Posted: August 23rd 2018
by Paul Eele, Warden, Holkham NNR
Now a regular sight in the skies over Norfolk, the Marsh Harrier was once incredibly rare bird. In 1972 only 2 pairs remained in the UK breeding on the Suffolk coast but the species has since recovered. Now there are over 400 breeding females in the UK with 100 of those in Norfolk alone. Marsh Harriers returned to breed at Holkham in 1982 with 8 nests recorded in 2017.
The male can be identified by its grey wings with black tips and brown body while the female is entirely brown apart from pale patches on her wings either side of the body and a pale crown.
The ‘skydancing’ display of the male can be seen from March as he tries to attract a female to his patch of reedbed. The display is a spectacular series of loops high in the sky before dropping into the reeds at his nest site. Marsh harriers build their nests on the ground using a platform of reeds to raise the eggs above the water level. 4-5 eggs are usually laid in April with successful young leaving the nest in mid-summer.
Although most of the birds that breed in the UK head south to Africa for the winter, a number of birds now stay on their breeding grounds. At dusk they gather in a communal roost in the reedbed with up to 15 birds in the air together before dropping into the reeds.
Since 2011, a project led by the North West Norfolk Ringing Group has been studying the breeding Marsh Harriers within north and east Norfolk and north Suffolk. The objective of the project is to find out more about the dispersal of the young harriers from their breeding areas.
Each nest is monitored throughout the breeding season and once the young are old enough to ring (approximately 19 days), trained bird ringers visit the nest to carry out the ringing and tagging operation. Each of the chicks are sexed, this is important as males and females have different size legs and take different size rings, they are weighed and then have their individual wing-tags fitted. These lightweight tags (green or orange) are fitted to each wing and carry a unique letter/number combination. In the hands of experience ringers, each bird takes five minutes to process and are returned to the nest as quickly as possible. Once the birds have fledged (flown the nest), the tags can be observed in the field using telescopes or digital cameras and the information passed back to the ringing project.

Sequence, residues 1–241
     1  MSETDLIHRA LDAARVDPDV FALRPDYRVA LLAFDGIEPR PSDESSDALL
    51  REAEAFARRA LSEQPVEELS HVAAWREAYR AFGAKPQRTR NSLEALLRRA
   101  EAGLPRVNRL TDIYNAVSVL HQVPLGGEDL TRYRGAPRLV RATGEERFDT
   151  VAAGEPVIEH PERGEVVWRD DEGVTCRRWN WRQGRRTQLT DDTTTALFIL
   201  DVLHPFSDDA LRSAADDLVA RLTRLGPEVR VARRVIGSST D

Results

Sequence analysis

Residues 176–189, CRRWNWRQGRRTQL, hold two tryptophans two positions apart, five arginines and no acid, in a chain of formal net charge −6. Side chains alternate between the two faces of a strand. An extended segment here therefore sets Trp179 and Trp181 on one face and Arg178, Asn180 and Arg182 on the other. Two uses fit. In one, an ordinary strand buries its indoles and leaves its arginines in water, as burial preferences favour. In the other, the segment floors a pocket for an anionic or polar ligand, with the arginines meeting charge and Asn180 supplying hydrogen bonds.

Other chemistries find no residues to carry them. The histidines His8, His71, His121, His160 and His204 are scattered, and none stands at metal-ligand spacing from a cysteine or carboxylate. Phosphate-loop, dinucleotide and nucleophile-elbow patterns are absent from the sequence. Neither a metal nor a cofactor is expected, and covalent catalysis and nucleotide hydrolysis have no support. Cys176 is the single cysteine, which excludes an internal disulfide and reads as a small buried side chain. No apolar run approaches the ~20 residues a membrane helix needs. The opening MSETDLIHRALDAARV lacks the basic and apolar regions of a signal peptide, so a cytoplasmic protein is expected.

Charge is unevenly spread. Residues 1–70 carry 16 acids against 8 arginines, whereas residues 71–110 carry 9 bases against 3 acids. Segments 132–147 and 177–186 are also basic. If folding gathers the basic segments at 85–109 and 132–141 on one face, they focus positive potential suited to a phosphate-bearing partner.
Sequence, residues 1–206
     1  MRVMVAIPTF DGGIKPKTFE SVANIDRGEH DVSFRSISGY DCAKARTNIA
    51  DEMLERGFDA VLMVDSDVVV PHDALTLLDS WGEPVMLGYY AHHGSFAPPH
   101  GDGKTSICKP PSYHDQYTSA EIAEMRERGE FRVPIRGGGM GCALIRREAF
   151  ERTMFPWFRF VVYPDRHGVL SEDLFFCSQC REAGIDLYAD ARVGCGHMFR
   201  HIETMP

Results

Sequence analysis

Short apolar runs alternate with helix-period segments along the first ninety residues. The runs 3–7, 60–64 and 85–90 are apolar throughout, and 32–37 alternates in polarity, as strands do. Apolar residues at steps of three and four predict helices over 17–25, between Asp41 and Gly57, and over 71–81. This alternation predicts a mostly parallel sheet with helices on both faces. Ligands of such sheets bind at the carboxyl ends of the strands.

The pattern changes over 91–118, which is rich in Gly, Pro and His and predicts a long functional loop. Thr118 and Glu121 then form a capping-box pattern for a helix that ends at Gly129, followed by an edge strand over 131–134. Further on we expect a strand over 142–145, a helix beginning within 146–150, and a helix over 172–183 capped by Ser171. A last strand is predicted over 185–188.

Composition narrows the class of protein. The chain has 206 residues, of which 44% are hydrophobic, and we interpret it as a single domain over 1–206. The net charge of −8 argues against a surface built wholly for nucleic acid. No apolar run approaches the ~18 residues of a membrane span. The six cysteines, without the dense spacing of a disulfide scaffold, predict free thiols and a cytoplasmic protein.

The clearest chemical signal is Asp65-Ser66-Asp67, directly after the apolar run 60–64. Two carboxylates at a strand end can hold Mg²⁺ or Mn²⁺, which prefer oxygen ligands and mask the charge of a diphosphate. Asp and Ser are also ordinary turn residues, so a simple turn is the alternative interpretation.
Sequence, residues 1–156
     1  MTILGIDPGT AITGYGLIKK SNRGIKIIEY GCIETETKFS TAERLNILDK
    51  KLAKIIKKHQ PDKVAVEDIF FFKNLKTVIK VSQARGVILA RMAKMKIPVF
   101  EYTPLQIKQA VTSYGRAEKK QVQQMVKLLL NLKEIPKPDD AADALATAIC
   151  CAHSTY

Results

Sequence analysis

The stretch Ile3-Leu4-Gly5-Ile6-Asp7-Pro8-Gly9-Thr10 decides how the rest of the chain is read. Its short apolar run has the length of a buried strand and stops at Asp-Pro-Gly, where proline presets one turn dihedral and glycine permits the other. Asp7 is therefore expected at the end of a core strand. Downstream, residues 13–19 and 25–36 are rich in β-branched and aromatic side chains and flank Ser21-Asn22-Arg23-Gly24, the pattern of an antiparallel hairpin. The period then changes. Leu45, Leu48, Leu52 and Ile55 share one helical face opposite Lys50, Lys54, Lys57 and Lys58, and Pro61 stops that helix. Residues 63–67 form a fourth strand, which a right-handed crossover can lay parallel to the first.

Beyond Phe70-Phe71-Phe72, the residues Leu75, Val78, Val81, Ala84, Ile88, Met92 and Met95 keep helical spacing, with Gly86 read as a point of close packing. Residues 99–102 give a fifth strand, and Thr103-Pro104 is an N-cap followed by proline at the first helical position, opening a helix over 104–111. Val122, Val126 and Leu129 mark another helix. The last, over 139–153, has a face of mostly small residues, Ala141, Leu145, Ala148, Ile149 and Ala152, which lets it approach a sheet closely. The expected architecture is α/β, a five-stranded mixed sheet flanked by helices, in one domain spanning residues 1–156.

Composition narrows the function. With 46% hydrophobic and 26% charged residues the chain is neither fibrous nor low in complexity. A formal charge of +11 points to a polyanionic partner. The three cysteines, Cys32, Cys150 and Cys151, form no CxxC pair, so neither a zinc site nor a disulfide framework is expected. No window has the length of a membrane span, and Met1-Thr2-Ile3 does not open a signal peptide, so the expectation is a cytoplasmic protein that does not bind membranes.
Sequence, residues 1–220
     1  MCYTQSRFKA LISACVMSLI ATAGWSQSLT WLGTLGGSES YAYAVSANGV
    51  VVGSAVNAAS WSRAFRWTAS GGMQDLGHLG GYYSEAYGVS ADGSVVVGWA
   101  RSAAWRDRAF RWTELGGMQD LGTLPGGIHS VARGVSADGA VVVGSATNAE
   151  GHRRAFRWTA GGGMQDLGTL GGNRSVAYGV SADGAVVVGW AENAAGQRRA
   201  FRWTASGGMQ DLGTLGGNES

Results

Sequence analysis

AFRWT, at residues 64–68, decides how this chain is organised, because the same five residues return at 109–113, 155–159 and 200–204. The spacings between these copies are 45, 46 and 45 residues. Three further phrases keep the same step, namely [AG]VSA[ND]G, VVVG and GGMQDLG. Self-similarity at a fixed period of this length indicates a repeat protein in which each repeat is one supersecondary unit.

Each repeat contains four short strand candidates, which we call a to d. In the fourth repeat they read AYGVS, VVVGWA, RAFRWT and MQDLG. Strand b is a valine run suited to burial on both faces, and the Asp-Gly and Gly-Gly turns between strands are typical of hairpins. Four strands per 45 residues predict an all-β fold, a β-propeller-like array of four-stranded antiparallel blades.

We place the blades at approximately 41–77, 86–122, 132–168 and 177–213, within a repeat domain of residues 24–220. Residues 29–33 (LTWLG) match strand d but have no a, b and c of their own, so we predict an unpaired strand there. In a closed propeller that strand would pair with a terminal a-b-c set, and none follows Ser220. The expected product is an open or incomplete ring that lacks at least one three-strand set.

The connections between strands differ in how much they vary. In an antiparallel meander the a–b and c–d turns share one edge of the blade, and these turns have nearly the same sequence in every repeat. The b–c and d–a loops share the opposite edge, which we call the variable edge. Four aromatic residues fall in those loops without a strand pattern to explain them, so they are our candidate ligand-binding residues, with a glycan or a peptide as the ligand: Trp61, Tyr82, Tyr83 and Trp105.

Wing-tagging has provided the project with vital information about the movements of the birds that never would have been possible in the past. Before wing-tags were used, only 7 of the 213 young harriers that had been ringed with just a metal ring had been recovered and sadly they were found dead. In the 7 years (2010-2017) since the project started 384 young harriers have been tagged resulting in a 32% recovery/re-sighting rate, much higher than the project had ever anticipated. To date, young harriers from Norfolk have been seen throughout the UK but also as far afield as Belgium, Portugal, Germany, Holland, Spain and Norway.
If you lucky enough to see one of the projects’ tagged birds the details can be reported to the British Trust for Ornithology (BTO) via their website or directly with the project team co-ordinator Phil Littler by email at email@example.com. Please provide as much information as you can and a photograph if possible.